Thursday, 29 August 2013

Music Video Awards and a Weird Word.

One simple word can raise a flurry of thoughts and emotions. Recently I happily referred to myself as “old” and a friend reacted strongly. She is a physical trainer in her 70’s and often hears clients moan that they’re too old to …   From experience she knows that our bodies are capable of more than we think, if, barring illness, we keep active even into old age and stop thinking of ourselves as past our prime.
I understand her negative response, but because my focus is not on physical fitness, the word “old” has different connotations for me. Now that I’m an elder, I think of the phrase, “wise old owl”, and fight against our culture’s fixation on youth. Same word, different connotations.

I write this post after watching news about the pornographic performances at the 2013 Music Video Awards and reading this rhetorical question from Psalm 119:9,
“How can a young person stay on the path of purity?” 
Now there’s a problematic word: “purity”. 

Where does your mind go when you hear it? Imagine the reactions if we asked  the MVA audience how they try to “stay on the path of purity”. Ours is a culture where even opera advertisers use come-ons like “lies, murders, lust and betrayal!” assuming that such language will draw audiences, not turn them away.

Can you imagine a politician during a campaign saying that they try to live purely? Purity used to be an admirable goal; now it’s an archaic value.
At the rare times we hear the word, it’s usually in discussion of sexual abstinence outside of marriage.  Such a limited meaning for purity truncates a magnificent ideal.  What if we expand the word’s meaning to suggest these characteristics: integrated, authentic, consistent, and uncontaminated? What if we think of “pure gold” or “pure drinking water”?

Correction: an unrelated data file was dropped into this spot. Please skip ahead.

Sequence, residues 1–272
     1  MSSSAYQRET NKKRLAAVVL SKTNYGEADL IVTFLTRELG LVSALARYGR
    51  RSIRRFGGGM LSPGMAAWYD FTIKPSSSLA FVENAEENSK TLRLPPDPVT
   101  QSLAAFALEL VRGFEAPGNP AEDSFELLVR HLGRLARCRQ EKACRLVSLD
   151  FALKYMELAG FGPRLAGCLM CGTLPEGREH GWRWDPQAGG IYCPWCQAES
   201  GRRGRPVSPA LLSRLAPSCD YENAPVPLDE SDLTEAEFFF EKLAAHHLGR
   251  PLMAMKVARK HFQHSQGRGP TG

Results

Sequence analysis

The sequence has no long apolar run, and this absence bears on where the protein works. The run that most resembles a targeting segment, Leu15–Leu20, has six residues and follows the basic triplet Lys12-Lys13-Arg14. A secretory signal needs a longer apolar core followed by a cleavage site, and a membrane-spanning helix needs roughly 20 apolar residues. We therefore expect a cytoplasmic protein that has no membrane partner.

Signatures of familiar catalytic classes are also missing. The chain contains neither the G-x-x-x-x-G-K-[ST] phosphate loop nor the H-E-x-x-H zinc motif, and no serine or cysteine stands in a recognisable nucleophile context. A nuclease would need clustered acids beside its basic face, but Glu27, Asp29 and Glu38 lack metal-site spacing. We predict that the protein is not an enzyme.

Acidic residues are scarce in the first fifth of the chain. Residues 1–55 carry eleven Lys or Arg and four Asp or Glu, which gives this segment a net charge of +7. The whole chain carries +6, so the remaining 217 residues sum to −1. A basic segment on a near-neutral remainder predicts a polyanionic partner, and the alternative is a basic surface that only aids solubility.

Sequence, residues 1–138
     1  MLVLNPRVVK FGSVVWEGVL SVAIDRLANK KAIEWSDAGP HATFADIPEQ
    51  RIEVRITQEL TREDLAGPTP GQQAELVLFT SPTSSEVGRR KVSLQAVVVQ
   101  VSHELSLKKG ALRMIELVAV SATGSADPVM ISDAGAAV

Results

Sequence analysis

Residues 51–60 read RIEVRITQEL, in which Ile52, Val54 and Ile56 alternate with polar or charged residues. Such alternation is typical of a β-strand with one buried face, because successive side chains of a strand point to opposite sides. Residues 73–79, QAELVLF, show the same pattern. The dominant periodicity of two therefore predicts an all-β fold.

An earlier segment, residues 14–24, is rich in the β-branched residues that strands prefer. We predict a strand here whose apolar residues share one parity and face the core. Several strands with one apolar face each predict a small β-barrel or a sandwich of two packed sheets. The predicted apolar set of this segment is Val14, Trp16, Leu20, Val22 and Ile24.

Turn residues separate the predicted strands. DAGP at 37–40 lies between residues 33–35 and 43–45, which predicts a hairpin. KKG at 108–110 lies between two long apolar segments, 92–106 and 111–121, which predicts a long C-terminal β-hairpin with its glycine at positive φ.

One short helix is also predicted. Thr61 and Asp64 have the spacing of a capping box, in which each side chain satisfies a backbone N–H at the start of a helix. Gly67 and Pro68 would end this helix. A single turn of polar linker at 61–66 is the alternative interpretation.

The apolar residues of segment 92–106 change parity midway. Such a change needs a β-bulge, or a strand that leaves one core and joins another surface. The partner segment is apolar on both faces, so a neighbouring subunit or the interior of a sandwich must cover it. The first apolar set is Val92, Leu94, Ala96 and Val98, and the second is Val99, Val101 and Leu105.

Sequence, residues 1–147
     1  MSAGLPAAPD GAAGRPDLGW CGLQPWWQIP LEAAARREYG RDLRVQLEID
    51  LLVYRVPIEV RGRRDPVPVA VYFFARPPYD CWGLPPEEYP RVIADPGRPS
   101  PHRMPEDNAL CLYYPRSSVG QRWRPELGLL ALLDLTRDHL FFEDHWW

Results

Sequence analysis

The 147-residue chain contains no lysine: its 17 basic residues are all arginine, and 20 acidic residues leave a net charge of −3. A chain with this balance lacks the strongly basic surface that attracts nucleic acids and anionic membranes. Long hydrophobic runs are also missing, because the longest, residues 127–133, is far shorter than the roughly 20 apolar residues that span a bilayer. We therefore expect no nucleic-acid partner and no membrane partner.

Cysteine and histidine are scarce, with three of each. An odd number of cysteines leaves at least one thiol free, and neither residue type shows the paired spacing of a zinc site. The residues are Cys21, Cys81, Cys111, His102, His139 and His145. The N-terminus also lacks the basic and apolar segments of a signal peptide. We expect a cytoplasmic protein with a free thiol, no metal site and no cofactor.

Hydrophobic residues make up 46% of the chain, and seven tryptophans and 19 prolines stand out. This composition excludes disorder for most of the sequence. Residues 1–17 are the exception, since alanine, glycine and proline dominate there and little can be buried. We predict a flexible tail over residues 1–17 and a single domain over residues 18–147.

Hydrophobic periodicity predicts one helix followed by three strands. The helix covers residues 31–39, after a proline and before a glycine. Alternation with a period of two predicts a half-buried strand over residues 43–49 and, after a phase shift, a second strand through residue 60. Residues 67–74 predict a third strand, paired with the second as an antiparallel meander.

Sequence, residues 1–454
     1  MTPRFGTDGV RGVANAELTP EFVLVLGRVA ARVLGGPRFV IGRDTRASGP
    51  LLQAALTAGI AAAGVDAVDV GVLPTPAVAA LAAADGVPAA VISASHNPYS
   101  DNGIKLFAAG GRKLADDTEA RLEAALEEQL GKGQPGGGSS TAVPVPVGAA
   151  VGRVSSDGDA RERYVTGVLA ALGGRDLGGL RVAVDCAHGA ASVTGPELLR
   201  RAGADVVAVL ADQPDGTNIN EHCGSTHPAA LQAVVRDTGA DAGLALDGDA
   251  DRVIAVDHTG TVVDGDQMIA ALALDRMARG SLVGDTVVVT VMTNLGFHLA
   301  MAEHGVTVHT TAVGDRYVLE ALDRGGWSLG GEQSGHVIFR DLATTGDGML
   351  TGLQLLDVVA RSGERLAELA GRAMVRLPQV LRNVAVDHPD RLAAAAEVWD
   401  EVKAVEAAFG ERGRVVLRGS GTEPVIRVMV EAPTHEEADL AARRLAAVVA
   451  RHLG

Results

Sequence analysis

It was disappointing to hear a Christian minister base a sermon on a vulgar, crude musical (her words) that she had seen. Even as she joked about the congregation not telling their friends that their minister had said they should buy tickets, it was clear that she had no regret or shame about enjoying the performance. She valued the strengths of the production despite its impurity. True, sometimes we have no choice but to search through life's garbage for meaning, but why choose it for entertainment?  It sounded as if she were dismissing the wise biblical advice to fill our minds with excellence, beauty, joy, kindness and goodness 
(ex. Galatians 5 and Philippians 4). Long before modern psychology, spiritual teachers were recommending cognitive behavioural therapy: change your thoughts and you will change your feelings and behaviours.

Maybe the preacher, like others, was over-reacting to Puritanism, that uptight, “holier than thou” rigidity that looks down its nose at others. They assume that a steady commitment to high values always breeds snobbish disapproval of anyone who doesn’t measure up to those values. To the contrary, Jesus himself criticized such pharisaic attitudes. He befriended swindlers and adulterers, calling them to God’s love.  He would definitely have befriended all of the performers at the MVA’s.

However, he clearly did not chuckle at people’s self-destructive sin or follow their example. He urged them (us) to change direction toward the path of wholeness or purity. A desire for Christ-like integrity  (what the bible calls “righteousness”) need not imply an unhealthy wish to be better than other people.